2016 was an epic travel year which allowed me to take my second trip to the forbidden country of Cuba. This visit allowed me to stray further out from Havana to enjoy spots like Varadero, Cienfuegos and Trinidad. I’ve had the opportunity to write about my travels there on a professional level, and my post on Essential Tips & Tricks For Traveling To Cuba will have your logistics handled. 48 Hours in Havana will ensure you don’t miss a beat.
The aforementioned articles will help you organize your trip to Cuba on a logistical level. But what about how Cuba is going to make you feel? That matters too.
Cuba’s been on my mind this week, especially after hearing that Fidel Castro passed away. The joy of having a personal blog is that I don’t have word count or an agenda. I can simply tell you all the things floating around in my head about this magical land. So I will.
Cuba’s colors are initially mesmerizing. But what lies beneath is usually crumbling squalor, and that can be surprising or jarring to first-time visitors.
The vibrant, bold colors, the locals pacing the streets pushing fruit carts and smoking cigars, the Spanish-style black iron railings…even when the paint is peeling and buildings are falling apart, there is still such an ambiance about Cuba. It’s a lot to take in all at once, and really proves that something can be broken and beautiful at the same time.
The country spurns a deep sense of creativity and inspiration to those willing to absorb and accept it. Cuba is land still stuck in a different time, and it’s hard to decide if they are 100% on the right track, or entirely backward. Perhaps a bit of both?
Long blocks of colorful homes and shopfronts lined along cobblestone streets in Trinidad make the city an endless stroll filled with photo opportunities. I never knew there were so many colors of the rainbow. You won’t see any Soviet grey, surprisingly. However, the influences of the Soviet Union are everywhere.
You’ll see them in the Russian car parts, an excess of sidecars and names on electrical appliances I don’t know how to pronounce.
Salsa dancing in the Plaza Mayor every night in the balmy, steaming Cuban air kept me wide-eyed in awe late into the evening. Live bands tooted trumpets and banged out rhythms, inspiring tourists to wiggle their hips and attempt the dips and turns the locals perform so effortlessly.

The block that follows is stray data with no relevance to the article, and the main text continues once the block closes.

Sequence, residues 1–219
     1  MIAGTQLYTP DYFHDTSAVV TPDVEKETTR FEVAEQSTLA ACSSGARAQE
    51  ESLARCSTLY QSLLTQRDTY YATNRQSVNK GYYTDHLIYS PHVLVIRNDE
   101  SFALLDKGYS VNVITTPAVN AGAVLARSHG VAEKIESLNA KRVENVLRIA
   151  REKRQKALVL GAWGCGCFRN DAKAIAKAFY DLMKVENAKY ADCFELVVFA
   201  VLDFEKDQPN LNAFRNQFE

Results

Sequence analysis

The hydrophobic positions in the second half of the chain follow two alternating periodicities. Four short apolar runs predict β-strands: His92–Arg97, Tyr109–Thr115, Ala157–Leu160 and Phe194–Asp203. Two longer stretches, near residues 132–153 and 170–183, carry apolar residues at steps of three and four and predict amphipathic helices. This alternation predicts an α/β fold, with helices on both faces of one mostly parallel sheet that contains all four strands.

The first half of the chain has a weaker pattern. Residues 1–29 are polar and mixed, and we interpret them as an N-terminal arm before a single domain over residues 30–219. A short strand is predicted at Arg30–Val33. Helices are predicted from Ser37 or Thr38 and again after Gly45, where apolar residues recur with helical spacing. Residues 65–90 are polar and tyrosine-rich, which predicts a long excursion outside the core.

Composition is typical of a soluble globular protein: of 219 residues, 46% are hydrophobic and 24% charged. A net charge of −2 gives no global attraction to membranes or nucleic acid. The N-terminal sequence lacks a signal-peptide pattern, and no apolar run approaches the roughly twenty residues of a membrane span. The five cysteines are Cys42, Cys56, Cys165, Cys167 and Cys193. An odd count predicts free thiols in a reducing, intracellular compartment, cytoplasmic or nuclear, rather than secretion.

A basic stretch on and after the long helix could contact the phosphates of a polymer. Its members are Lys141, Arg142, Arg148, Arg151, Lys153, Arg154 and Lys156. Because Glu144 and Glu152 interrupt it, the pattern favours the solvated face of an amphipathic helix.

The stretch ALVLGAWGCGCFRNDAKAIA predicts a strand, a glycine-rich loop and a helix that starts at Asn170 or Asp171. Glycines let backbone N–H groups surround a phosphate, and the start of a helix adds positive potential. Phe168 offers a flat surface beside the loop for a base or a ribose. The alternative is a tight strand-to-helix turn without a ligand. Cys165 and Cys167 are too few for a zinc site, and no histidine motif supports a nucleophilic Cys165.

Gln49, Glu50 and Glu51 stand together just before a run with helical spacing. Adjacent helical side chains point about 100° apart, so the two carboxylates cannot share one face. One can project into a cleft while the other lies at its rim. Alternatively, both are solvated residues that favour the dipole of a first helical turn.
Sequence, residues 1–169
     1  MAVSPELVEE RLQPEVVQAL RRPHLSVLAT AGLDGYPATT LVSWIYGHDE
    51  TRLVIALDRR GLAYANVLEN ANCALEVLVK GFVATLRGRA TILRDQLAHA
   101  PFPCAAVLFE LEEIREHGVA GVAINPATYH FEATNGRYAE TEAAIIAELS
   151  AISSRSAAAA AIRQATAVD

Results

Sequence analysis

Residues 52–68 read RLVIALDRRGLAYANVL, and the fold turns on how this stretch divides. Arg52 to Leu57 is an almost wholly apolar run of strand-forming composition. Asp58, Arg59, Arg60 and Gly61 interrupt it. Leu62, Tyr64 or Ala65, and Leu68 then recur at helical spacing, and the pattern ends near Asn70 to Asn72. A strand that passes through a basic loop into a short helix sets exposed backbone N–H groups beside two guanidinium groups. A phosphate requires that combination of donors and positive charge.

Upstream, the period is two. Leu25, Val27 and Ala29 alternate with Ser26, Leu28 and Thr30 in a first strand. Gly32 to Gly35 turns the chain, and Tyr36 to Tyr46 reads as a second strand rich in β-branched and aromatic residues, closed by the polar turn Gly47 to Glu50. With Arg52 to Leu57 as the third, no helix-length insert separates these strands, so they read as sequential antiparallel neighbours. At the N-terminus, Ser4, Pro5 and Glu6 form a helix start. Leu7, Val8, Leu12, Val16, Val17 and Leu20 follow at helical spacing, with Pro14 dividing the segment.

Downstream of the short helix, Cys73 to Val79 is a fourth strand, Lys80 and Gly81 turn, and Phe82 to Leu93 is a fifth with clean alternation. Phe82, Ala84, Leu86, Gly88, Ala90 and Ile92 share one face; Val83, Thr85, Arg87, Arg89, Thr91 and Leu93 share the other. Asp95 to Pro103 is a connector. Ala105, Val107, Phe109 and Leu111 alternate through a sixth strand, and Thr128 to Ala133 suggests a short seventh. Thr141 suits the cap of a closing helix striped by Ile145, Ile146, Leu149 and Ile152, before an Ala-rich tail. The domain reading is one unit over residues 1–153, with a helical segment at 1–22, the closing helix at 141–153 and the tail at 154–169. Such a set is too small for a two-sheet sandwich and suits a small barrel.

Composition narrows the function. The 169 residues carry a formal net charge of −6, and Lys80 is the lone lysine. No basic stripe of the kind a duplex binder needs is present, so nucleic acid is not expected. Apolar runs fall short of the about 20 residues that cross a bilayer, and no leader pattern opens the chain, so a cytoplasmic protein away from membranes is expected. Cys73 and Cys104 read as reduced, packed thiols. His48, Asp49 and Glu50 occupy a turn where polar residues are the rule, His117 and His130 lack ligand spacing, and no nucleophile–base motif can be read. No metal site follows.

We stopped so our driver could buy some fresh fish on the way back to Havana on a small fruit farm. I remember as a child going to an Amish farm on a school field trip, seeing how they washed, cooked and cleaned. This farm seemed just as rural and even more old-fashioned.
Welcome to a world where little boys always have scraped, dirty knees and little girls play with rusty, old knives in wooden rocking chairs.
There was that meal I ate in a small village en route to Havana at 1920 restaurant. As I was led to the back of a quiet house in what seemed to be a complete ghost town, I wondered what I’d gotten myself into.
Stepping into a colonial restaurant, with wooden chairs and an old television blaring reggaeton, I immediately felt at home. After a glass of fresh lime juice and crispy fried chicken (most likely slaughtered in the backyard) I paid my $4, my belly-full and ready to nap the rest of the way to Havana.
Revolución signs were everywhere, and flashes of Ché will never leave me.
Watching the sunset from the Saratoga rooftop, cocktail in hand wasn’t just relaxing because it was beautiful to see the colors melt into dusk.
It was beautiful because the typical buzzing of my whatsapp was silenced, the pings of my emails weren’t dinging, and the lack of contact with the outside world that often had me stressed out during the trip began to fade, leaving me with a deep sense of inner peace one can only discover when they truly disconnect.
I still dream of sitting in a vintage car taxi, my sweaty skin sticking to the plastic leather, the springs poking me, as street vendors sell mani to drivers at stoplights.
I dream of the humid, salty air while walking along the malecón seawalk late at night, watching lovers kiss and aspiring musicians strum the guitar.
I dream of endless renditions of Guantamera…a tune that never seems to leave my mind.